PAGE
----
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NFL/NFLPA review finds no violation of concussion protocol in DeVante Parker case

Related: DeVante Parker’s removal from Patriots-Cardinals game now subject to NFL/NFLPA review

NFL: New England Patriots at Arizona Cardinals Mark J. Rebilas-USA TODAY Sports

The NFL and the NFL Players Association have finished their joint review into New England Patriots wide receiver DeVante Parker getting removed from the Week 14 contest against the Arizona Cardinals. According to a statement released on Friday, no violation of the league’s concussion protocol was found in the process.

The review was initiated given the unusual circumstances surrounding Parker leaving the Patriots’ 27-13 win. He was visibly shaken up after a 10-yard reception in the first quarter, but the unaffiliated neurotrauma consultant appeared not to immediately stop play.

Even with the wideout struggling to hold his stance while lining up for the following snap, and with teammate Nelson Agholor frantically trying to get the officials’ attention, it seemingly took a Cardinals challenge of the previous play to stop the next one. However, the review found that the next play would not have taken place anyway.

The documents and interviews established that one of the spotters was engaged with the Patriots medical staff regarding a prior injury when the play occurred. The other certified athletic trainer spotter observed the play as it occurred, heard the broadcasters’ commentary in real time, and immediately informed his colleague of the need to review the play for a potential head injury.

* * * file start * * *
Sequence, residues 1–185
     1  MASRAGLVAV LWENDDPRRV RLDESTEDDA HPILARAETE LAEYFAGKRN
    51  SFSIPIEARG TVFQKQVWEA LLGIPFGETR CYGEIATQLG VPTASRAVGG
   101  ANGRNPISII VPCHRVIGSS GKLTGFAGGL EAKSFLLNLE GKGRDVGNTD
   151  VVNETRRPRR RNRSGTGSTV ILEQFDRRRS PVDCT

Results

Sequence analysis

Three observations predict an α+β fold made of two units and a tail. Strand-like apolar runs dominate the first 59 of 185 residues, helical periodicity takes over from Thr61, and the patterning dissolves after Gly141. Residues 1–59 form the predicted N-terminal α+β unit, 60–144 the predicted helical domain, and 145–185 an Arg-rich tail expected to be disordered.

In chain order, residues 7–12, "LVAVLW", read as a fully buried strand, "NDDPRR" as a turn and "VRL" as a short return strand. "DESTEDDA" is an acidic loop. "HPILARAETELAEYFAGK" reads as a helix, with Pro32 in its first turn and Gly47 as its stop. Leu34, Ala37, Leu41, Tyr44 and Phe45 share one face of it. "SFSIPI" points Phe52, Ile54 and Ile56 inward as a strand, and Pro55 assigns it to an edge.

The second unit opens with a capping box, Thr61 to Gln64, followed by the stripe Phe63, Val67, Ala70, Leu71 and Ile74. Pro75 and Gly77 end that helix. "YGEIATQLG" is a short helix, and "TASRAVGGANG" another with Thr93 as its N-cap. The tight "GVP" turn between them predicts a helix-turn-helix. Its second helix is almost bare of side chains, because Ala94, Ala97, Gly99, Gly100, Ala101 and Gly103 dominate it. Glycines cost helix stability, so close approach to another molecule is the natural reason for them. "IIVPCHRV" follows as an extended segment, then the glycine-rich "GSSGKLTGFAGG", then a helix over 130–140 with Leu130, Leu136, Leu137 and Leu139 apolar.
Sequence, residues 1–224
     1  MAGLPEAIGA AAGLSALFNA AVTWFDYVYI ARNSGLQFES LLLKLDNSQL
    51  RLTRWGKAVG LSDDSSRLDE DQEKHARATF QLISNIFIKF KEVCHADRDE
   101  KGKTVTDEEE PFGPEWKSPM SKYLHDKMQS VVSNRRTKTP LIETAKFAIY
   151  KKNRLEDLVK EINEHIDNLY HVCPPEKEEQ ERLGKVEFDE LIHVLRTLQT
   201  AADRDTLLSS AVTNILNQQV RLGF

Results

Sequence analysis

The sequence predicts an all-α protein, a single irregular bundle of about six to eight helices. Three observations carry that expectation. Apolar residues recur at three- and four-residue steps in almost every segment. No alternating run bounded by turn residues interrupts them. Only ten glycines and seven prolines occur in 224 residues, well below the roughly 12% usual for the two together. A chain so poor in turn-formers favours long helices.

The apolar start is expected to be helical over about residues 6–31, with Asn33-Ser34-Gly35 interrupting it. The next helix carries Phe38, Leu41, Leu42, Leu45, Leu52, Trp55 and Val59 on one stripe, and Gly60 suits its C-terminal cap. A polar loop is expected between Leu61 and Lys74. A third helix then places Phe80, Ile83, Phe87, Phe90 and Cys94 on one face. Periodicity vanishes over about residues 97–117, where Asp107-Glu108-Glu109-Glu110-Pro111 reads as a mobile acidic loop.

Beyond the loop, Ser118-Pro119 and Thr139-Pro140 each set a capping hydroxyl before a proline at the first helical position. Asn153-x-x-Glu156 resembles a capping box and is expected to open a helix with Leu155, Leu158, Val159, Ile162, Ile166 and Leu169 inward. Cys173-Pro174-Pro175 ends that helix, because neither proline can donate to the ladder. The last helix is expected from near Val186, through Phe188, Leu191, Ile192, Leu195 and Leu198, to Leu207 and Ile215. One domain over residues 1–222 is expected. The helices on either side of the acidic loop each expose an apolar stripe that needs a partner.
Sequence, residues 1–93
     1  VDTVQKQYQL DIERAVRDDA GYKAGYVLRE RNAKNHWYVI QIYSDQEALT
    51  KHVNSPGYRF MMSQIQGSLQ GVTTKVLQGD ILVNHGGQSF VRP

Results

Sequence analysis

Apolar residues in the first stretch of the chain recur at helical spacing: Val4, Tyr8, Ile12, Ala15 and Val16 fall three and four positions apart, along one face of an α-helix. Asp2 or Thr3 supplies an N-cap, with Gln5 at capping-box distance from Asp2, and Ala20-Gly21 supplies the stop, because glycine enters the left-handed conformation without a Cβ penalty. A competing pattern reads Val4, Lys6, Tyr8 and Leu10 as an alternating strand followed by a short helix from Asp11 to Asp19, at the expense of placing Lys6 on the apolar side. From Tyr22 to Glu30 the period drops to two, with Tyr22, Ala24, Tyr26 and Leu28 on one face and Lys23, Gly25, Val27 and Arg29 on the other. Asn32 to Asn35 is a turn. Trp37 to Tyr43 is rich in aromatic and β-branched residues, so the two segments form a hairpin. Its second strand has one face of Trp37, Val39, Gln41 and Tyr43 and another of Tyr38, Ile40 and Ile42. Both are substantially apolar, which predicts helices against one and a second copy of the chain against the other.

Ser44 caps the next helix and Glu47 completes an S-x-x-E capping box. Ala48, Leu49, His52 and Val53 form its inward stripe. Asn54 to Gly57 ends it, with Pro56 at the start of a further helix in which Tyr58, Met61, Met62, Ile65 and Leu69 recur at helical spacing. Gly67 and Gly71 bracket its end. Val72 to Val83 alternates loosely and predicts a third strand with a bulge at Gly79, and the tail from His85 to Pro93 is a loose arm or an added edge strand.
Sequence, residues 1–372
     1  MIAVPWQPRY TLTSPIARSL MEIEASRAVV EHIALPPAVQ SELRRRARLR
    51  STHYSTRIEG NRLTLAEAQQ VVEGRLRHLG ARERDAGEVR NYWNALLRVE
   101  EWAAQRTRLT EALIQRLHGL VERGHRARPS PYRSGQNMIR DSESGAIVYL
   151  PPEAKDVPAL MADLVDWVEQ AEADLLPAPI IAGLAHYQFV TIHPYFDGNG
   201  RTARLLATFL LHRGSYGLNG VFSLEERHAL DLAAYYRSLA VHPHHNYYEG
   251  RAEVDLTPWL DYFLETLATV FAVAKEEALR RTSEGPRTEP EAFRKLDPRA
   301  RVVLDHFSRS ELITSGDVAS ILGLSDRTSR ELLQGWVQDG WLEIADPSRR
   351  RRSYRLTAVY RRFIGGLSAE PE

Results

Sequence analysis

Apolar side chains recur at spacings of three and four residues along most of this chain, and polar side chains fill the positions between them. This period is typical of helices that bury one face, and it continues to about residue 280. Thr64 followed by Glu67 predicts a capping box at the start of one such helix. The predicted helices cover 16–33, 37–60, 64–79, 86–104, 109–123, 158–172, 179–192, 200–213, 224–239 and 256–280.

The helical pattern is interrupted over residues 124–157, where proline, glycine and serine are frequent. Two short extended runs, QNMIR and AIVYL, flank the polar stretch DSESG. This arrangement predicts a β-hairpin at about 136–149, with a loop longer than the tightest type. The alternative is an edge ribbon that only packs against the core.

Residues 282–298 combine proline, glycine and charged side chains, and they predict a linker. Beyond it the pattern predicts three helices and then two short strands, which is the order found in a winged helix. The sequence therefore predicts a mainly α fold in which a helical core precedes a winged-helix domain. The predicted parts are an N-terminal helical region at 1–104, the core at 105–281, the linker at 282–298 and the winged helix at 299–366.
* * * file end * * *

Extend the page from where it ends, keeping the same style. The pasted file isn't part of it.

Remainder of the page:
During the approximately 20 seconds that elapsed before the play was stopped, both spotters requested the replay, reviewed that game video to confirm the player exhibited post-injury behavior, and concluded a mandatory evaluation was necessary. The spotters were in the process of calling a Medical Timeout when play was stopped due to the Cardinals throwing a challenge flag. The spotters then advises the Patriots medical staff that the player required a concussion evaluation pursuant to the Protocol.

The club’s medical staff removed the player from the field and evaluated him, together with the Unaffiliated Neurotrauma Consultant. As required under the Protocol, the spotters’ booth provided injury video to the sideline medical personnel, who diagnosed the player with a concussion. The parties are satisfied that the player would not have participated in another play even if the Cardinals had not challenged the play.

Parker eventually left the field during the timeout and headed into the blue medical tent. He was initially deemed questionable to return to the contest with a head injury, but later departed for the locker room. He was officially ruled out for the rest of the game midway through the second quarter.

As for Nelson Agholor, he too was mentioned in the statement released on Friday:

[T]he parties commend Mr. Parker’s teammate Nelson Agholor, among others, for signaling to game officials to stop the play so Mr. Parker could be evaluated. The ability of various individuals to trigger a concussion evaluation is a critical component of the Concussion Protocol.

Parker, meanwhile, has remained in concussion protocol ever since that game in Arizona. The 29-year-old missed last week’s loss to the Las Vegas Raiders and has also already been ruled out for the upcoming game against the Cincinnati Bengals on Christmas Eve.